Saturday, June 25, 2016

Not All Who Wander Are Lost

My favorite portrait of Tolkien by Lord Snowdon
My portrait inspired by Tolkien's. Sadly neither photo is in Wales, but Lord Snowdon's title is from Wales.
There's a lot you can check out on your own regarding J.R.R. Tolkien's interest in the Welsh Language and Celtic legend. I have always loved his maps. And I was recently struck in reviewing my maps of the South Wales Mountains, home of my ancestors, when I came across what appeared to be a portion of Tolkien's map off the edge of the Shire.

A tolkienesque portion of Wales
Yeah. At least the names seemed very familiar. Here's Tolkien's map of the Shire from my original paperback copy of The Fellowship of the Ring (1970 Printing):


Now, I'm not the first one to figure this out. The actual Buckland Manor explains a few more of the borrowed names:
During the forties, another visitor to the area was busy composing his opus magnum, a work that would make his name famous amongst the love generation of the Sixties and beyond. J R R Tolkien apparently visited Talybont-on-Usk, the village overlooked by Buckland, to write sections of Lord of the Rings. He borrowed generously from the locality to feed the voracious appetite of his book for people and place-names. His friend, Fred from Tredegar, appears as Fredegar and Crickhowell turns up as Crick Hollow. Merthyr with its' industrial background Mordor, perhaps. Buckland, which as the book describes, does 'lie on the east of the river?' became the residence of the strange Buckleberries and was the childhood home of Frodo Baggins. It was the last place within The Shire that Frodo visited before leaving with the ring. (From Buckland Hall website)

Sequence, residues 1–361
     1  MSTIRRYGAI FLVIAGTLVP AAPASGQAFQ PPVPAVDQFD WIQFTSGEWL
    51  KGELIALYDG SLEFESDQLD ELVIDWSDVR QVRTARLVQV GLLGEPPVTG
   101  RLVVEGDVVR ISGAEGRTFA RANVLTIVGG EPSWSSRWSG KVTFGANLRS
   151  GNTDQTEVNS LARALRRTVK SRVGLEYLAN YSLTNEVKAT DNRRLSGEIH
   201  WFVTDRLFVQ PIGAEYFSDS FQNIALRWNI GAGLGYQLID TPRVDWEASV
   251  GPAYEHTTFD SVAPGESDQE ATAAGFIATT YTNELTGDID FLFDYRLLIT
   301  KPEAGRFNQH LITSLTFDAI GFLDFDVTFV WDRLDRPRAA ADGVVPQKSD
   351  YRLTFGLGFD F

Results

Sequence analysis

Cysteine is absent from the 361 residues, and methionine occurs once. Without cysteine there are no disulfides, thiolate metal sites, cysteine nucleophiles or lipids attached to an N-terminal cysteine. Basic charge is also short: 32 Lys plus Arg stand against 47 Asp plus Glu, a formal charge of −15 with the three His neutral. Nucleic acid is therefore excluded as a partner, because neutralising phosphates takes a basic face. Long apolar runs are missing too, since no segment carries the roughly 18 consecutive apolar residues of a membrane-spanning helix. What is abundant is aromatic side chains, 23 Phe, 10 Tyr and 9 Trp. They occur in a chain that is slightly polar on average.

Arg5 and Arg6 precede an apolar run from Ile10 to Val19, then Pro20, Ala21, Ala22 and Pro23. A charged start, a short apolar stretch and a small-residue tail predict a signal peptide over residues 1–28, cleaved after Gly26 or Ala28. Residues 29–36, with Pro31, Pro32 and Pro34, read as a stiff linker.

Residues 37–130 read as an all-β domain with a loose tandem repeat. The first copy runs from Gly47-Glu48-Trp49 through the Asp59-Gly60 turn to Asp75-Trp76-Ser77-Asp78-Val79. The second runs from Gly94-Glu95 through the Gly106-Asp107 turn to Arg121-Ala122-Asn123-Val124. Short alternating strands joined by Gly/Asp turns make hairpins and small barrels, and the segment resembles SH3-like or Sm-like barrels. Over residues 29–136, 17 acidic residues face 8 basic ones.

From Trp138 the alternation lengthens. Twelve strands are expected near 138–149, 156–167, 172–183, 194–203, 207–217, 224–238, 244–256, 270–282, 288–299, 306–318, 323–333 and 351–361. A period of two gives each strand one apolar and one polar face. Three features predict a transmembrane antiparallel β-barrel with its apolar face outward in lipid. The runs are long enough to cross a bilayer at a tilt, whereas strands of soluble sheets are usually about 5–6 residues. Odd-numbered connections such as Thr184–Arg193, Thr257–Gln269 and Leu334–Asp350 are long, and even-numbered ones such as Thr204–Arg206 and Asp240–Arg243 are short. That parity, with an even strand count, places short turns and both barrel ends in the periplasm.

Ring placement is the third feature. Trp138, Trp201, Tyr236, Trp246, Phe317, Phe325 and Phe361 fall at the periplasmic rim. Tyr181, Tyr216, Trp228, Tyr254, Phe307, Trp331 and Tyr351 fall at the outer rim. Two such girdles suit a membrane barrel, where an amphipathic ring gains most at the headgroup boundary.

They missed one. At the bottom of the map is "Haysend" with some of the Hobbits referring to the border "Hedge" with the Old Forest as "the Hay." Oh, yeah! Hay-on-Wye, formerly known as just "Hay" or "the Hay" is on the border of Wales and England just to the northeast of the real Buckland.

There are other Bucklands in England with the obvious connection to places where deer could be found. But this Buckland, I believe, is yet another transliterated English distortion of the neighboring village of Bwlch. "Bwlch" means "gap" in Welsh as this is one of the entries into the Welsh mountains used by the Romans and other armies or wandering folk.

And just to show you in context, and how wonderful the Ordnance Survey maps of the UK are, compare with the Google version for the locale:

Not nearly as entertaining or as detailed a map. Although this view does show the River Usk along the west side of Buckland as the Brandywine is in the Shire.

Here's a zoomed out view of the OS Map showing the neighborhood.


So, I'm packing my bags for the Misty Mountains. Over the Hills where the Spirits dwell . . . Oooh oooh! Oooh oooh! (OK, I stole that last part from Led Zep. And congrats, Boys, for winning that lawsuit!)

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